A new poll found that nearly 80% of American voters believe that minors should be required to wait until they are adults to pursue transgender procedures.
The national survey, conducted by Convention of States Action, in partnership with The Trafalgar Group, polled over 1,000 likely 2022 election voters in October. When asked if they “believe underage minors should be required to wait until they are adults to use puberty blockers and undergo permanent sex change procedures,” the poll found that 78.7% of all respondents comprising Democrats, Republicans, and non-partisan affiliations said they should “wait.”
“The idea that young people have to be 16 to drive, 18 to vote, and 21 to drink, and yet can undergo life-altering medical procedures in middle school defies common sense, and the American people see that clearly,” said Mark Meckler, president of the Convention of States.
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The overwhelming majority of Republican and independent voters oppose gender change treatments for minors, while Democrats were divided. 96.8% of Republican voters, 84.6% of independent voters, and 53.2% of Democrats said that minors should wait until they are adults to pursue medical transition.
The majority of respondents belonged to the 45-64 age bracket, at 36.5%, followed by 65 and over, at 26.6%. Age brackets 35-44 and 25-34 constituted 14.9% and 14.2%, respectively. Finally, 7.7% of respondents were in the 18-24-year-old category.
Remarkably, 92.3% of the 18 to 24-year-old respondents said that minors should wait until they are adults to medically transition. Additionally, 62.8% of 25-34 year olds, 77.4% of 35-44 year olds, 78.5% of those between 45-64 and 80.4% of the 65 and over category all answered that medical transition is a decision that only adults should be allowed to make.
As for ethnicity demographics, 100% of Asians, 73.4% of Hispanics, 80.6% of black voters, 78.4% of white voters, and 80.2% of respondents of unspecified ethnicity all indicated that minors should be required to wait until they are adults to access transgender treatments.
Although puberty blocking drugs are frequently touted as “reversible” and a “pause button” on puberty, this relies entirely on referencing their approved on-label use to treat precocious puberty in young children, not how they are increasingly being prescribed off-label to treat gender dysphoria in adolescents. There are no long-term studies to support its use in this context and they are not FDA approved for their off-label use.
Far from being “reversible,” children who begin taking puberty blockers during the first signs of puberty and go on to take cross-sex hormones, which constitutes the vast majority, will become sterilized and may never be able to achieve orgasm. Transgender surgeon Dr. Marci Bowers famously conceded that out of her approximately 2,000 patients, none have been able to achieve sexual satisfaction.
Additionally, puberty blockers stunt development of the male genitalia and have been shown to have serious side effects, which include a decline in bone density, neurological effects, and psychiatric problems.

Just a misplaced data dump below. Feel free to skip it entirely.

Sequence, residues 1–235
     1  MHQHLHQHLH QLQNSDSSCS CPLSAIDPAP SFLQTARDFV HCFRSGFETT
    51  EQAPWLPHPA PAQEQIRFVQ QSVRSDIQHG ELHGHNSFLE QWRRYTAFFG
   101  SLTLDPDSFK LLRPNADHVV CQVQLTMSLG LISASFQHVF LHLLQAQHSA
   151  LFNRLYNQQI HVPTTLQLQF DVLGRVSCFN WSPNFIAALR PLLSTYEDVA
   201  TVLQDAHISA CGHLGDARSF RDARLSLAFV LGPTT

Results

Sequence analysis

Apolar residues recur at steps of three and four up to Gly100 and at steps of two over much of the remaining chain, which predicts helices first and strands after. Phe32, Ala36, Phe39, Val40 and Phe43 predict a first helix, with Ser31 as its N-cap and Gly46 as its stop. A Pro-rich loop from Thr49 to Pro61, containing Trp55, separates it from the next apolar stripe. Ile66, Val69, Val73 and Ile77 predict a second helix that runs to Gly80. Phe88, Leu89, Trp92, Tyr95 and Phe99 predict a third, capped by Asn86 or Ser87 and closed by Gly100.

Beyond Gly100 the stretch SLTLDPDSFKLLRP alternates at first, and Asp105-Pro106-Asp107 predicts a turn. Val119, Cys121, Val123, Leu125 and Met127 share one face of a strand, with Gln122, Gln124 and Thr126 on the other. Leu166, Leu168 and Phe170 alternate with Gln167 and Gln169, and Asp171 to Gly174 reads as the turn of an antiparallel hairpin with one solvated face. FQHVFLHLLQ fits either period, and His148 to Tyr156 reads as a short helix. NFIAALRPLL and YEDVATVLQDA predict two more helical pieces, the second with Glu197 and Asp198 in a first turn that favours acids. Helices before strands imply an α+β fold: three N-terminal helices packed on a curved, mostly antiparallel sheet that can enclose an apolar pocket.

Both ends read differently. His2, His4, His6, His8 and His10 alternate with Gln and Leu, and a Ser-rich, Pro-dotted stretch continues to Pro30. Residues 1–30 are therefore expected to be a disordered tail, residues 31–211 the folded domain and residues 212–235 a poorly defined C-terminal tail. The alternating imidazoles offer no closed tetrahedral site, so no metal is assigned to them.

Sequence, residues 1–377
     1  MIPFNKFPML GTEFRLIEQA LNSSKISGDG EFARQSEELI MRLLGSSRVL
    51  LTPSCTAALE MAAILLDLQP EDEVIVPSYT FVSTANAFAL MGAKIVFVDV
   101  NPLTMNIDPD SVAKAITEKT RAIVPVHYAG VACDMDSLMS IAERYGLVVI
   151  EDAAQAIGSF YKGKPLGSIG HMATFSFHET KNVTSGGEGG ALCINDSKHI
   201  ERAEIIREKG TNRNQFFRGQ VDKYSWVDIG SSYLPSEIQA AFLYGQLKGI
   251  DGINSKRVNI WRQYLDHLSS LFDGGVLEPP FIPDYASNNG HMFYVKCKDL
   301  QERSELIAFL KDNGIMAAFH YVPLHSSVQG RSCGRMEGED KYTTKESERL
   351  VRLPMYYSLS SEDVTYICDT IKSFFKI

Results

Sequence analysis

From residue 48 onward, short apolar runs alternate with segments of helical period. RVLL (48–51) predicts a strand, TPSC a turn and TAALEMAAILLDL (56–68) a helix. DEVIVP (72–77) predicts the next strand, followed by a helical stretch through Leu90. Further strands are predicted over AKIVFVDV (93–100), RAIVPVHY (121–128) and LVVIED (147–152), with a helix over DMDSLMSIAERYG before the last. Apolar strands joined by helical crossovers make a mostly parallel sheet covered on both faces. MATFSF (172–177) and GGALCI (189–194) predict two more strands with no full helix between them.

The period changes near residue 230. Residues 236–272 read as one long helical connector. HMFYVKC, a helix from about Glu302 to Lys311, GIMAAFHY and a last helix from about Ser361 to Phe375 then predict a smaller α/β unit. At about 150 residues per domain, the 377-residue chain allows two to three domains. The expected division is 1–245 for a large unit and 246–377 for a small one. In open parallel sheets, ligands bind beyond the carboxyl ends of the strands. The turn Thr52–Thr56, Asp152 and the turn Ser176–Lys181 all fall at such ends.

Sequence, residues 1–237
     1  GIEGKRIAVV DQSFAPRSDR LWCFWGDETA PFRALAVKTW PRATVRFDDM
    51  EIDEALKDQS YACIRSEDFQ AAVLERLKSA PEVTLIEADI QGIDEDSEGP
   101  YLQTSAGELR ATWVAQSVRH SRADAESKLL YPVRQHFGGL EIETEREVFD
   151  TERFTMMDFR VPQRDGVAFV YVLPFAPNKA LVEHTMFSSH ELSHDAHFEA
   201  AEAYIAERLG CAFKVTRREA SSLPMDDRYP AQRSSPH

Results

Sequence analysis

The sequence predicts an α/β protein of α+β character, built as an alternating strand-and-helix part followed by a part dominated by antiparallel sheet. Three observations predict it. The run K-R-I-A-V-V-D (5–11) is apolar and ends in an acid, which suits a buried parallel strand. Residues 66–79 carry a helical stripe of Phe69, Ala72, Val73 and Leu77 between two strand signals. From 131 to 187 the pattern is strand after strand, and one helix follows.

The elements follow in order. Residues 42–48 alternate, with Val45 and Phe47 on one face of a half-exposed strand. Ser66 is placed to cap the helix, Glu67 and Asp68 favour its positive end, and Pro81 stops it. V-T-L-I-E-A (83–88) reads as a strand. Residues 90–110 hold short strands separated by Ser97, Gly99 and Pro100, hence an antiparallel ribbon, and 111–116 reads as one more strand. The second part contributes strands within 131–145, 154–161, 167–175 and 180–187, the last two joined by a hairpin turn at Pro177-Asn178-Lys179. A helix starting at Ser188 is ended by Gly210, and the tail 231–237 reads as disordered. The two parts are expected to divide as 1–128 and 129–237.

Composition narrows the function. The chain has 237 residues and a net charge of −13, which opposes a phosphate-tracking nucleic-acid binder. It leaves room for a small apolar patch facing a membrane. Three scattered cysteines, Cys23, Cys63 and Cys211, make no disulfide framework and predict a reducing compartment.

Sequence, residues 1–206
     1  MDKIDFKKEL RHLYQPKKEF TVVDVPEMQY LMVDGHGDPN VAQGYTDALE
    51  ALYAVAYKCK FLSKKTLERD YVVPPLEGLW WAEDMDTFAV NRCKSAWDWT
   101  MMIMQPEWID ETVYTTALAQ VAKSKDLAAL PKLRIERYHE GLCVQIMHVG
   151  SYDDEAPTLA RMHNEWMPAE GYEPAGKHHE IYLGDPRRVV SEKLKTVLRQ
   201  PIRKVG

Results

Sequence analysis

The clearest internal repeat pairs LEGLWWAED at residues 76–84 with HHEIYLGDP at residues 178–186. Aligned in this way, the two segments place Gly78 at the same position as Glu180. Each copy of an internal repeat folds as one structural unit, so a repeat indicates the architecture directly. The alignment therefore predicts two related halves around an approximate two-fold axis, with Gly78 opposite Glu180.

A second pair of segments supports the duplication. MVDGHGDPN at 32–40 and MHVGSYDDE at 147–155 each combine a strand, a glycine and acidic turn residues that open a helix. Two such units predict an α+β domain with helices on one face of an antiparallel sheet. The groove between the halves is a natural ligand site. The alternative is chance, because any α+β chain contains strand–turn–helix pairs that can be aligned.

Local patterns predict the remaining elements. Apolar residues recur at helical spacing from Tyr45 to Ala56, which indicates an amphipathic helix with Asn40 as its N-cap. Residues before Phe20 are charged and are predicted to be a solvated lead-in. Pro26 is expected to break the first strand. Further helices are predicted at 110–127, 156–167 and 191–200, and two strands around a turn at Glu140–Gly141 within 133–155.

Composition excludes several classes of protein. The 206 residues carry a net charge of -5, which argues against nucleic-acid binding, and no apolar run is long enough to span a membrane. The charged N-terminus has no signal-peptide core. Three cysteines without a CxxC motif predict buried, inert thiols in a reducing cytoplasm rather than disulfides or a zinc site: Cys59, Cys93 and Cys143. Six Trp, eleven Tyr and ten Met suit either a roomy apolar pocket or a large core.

GnRH agonists, known to most as puberty blockers, stop the pituitary gland from making the hormones that stimulate the production of sex hormones. While they are frequently prescribed off-label to stop secondary sex characteristics from developing in pubescent youth, they are also prescribed off-label to trans-identifying adults in conjunction with cross-sex hormones.
As for GnRH agonists, “the results are different depending on what stage of life the person is in,” endocrinologist Dr. Mike Laidlaw explains. “If the medication is taken during adolescence, then the low testosterone and estrogen levels that result will stop puberty for the male and the female respectively.”
“In gender-affirmative therapy for the male body, it may be used to block testosterone release while the person simultaneously takes estrogen,” said Dr. Laidlaw. “The result in the male will be very low levels of testosterone. This then allows estrogen to become the primary sex hormone of the body.”
“As for females who have already gone through puberty, the medication will result in very low estrogen levels,” he added. “The medication will also stop menstrual cycles. It appears to be used in females who are transitioning for this purpose, to stop menstrual function, probably as a ‘bridge’ to testosterone.”
Permanent sex change procedures may include cross-sex hormones, which may cause irreversible changes to the body, and surgeries such as bilateral mastectomies in teenage girls.
A recent Reuters investigation found that between 2019-2021, at least 776 mastectomies and 56 genital surgeries were performed in the U.S. on patients ages 13 to 17 who identified as transgender, which Reuters explained was likely a “significant undercount” since the review only examined insurance claims.
The leading transgender health association recently released new Standards of Care guidelines, removing their minimal age recommendations for minors to obtain puberty blockers, cross-sex hormones, and surgeries, leaving the decision up to the discretion of physicians.